At the Base of the Wall, You'll Find the Spall: On Breaking Off a Piece

I have always loved the word "spalling," ever since I first heard it in my youth. It's the word for the process by which a large chunk of stone, concrete, ice, or some other solid material breaks down, shedding smaller fragments along fault lines and fissures, at impact points and between shearing layers. If you've ever seen documentary footage of icebergs breaking from the Antarctic pack, you've seen spalling in action. If you own a house, look around on the exterior. When the force acting on the material is stronger than the force holding it together, spalling is what you get.

Spalling is what happens when certain types of warheads strike armored fighting vehicles, too. Either the shock wave of the strike on the exterior is so great that the wall of the crew compartment breaks down suddenly and kinetically, flinging fragments throughout and wounding its crew or disabling its mechanisms, or the warhead pierces the armor in order to penetrate and itself produce the same effect.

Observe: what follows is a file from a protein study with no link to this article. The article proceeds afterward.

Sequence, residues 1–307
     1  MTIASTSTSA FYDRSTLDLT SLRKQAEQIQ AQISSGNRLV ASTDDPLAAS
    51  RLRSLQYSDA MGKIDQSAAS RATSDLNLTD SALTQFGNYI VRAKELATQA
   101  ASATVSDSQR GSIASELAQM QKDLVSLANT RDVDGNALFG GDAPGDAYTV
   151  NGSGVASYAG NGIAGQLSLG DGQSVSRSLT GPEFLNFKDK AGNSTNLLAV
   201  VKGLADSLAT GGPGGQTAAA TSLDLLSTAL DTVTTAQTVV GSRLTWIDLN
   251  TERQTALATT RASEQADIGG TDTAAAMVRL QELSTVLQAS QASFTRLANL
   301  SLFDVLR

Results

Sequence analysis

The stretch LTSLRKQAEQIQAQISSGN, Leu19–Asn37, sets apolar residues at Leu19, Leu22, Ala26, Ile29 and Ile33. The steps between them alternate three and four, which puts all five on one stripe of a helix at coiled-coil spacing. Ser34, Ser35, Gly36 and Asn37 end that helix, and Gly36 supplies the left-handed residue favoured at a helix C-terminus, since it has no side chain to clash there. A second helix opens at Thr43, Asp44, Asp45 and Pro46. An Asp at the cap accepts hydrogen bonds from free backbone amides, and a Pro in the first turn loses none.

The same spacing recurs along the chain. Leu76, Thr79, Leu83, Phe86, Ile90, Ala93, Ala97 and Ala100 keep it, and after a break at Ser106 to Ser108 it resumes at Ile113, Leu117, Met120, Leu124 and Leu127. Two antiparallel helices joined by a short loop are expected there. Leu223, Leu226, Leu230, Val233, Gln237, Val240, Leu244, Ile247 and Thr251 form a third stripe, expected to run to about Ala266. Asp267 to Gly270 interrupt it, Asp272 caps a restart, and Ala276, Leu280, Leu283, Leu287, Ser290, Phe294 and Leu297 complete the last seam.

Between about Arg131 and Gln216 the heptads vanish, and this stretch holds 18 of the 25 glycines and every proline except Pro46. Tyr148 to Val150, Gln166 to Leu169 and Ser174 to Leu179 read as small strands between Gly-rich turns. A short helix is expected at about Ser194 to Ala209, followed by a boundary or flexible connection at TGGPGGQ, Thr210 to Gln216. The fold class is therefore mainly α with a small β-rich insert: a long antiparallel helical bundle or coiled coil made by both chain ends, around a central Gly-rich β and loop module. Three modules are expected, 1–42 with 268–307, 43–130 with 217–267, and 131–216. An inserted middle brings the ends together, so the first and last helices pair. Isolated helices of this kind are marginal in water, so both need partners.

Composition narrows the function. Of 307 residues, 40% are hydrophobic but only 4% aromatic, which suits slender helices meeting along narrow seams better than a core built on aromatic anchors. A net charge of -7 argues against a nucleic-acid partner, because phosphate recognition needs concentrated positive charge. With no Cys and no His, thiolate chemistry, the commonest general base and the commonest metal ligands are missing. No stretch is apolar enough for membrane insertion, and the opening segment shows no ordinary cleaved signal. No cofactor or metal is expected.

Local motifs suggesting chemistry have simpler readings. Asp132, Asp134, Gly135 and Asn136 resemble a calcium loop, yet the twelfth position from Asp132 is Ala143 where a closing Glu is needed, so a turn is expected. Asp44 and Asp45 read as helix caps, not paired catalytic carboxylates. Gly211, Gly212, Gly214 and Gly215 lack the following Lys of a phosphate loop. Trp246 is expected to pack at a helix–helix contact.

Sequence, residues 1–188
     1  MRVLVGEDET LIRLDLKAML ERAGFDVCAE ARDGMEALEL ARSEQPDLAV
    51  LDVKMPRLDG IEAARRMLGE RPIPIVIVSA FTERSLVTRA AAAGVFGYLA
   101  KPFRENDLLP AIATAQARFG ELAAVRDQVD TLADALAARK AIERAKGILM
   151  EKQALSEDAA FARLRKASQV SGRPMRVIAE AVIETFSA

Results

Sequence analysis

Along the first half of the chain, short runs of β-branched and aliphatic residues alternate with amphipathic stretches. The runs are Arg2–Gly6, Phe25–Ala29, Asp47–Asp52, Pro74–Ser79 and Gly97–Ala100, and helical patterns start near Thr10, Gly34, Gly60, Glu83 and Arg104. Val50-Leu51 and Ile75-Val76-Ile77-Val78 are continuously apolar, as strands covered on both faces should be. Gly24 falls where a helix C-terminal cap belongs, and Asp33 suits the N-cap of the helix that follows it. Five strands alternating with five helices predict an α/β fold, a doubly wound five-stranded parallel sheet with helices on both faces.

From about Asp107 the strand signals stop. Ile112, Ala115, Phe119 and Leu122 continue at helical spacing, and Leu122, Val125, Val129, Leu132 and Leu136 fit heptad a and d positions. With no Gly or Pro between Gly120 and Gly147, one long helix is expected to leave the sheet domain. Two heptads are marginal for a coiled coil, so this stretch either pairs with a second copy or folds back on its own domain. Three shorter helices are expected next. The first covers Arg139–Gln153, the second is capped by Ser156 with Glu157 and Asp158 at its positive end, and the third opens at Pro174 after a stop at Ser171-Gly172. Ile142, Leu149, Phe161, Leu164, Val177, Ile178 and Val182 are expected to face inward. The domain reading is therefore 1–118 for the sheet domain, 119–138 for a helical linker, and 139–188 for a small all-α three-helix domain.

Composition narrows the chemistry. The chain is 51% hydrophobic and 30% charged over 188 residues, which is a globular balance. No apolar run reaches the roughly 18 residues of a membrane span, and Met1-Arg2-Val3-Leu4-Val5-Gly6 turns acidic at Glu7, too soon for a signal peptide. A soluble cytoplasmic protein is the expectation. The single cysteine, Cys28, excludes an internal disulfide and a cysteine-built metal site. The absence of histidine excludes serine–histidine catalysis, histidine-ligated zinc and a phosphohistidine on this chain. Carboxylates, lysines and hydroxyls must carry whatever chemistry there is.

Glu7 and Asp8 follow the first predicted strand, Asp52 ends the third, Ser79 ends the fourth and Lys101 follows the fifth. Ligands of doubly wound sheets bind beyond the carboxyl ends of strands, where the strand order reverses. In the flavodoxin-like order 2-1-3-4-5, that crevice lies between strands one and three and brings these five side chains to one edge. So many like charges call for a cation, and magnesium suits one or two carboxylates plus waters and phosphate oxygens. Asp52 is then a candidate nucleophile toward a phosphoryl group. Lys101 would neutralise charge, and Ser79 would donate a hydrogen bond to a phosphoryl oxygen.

But spalling is also what enables you to take a single mass and turn it into smaller parts. Been on a surface that's designed for adequate drainage? Dig down some inches and the top layer of pea-sized stones will give way to larger ones the size of marbles. Once upon a time, all of those different sizes were broken from the same large rocks, which would have been of little use in building the gravel surface.

The same holds true with ideas. Analysts of any stripe are taught to find the ways to break a thing that's given into smaller parts. It's an application of mental, intellectual, or technical force. And as in these other examples, there's a kind of violence to breaking the smaller pieces away from their original.

Now you know the name of it.